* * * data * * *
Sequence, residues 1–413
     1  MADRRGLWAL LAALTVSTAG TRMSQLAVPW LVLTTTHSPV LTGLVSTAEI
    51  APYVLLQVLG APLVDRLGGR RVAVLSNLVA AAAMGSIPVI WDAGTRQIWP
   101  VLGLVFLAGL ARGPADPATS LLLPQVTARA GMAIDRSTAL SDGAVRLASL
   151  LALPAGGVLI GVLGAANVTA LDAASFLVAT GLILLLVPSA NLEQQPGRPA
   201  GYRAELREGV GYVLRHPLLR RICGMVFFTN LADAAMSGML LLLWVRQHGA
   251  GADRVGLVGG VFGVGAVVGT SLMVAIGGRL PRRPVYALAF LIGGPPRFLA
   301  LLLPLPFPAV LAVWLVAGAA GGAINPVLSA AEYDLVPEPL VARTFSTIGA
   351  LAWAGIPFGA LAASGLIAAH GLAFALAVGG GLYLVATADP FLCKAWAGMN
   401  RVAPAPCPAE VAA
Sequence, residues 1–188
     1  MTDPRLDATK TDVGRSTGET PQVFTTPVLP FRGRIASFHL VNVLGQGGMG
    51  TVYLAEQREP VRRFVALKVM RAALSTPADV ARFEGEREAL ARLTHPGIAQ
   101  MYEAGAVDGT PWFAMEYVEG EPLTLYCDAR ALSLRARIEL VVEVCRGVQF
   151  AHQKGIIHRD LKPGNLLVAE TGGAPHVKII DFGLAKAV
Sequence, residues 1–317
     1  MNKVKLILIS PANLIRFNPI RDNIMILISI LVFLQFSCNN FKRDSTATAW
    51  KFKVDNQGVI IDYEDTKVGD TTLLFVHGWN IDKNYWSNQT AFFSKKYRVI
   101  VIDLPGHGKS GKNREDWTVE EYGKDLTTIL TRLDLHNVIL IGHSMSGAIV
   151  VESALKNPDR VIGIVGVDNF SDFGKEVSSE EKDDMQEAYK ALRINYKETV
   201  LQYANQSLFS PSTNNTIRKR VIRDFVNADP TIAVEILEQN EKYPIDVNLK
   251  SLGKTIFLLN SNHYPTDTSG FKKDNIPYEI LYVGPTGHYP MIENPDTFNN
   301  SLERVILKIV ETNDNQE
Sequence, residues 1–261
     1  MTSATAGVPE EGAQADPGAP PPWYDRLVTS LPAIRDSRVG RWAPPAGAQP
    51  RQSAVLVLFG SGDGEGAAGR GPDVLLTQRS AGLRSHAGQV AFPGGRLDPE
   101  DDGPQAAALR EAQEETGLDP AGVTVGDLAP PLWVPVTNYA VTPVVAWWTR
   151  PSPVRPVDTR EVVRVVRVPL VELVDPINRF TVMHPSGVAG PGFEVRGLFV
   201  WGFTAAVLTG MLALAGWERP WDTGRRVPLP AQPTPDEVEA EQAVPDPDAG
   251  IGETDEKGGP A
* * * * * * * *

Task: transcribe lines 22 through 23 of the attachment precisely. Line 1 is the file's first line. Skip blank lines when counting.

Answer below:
   251  SLGKTIFLLN SNHYPTDTSG FKKDNIPYEI LYVGPTGHYP MIENPDTFNN
   301  SLERVILKIV ETNDNQE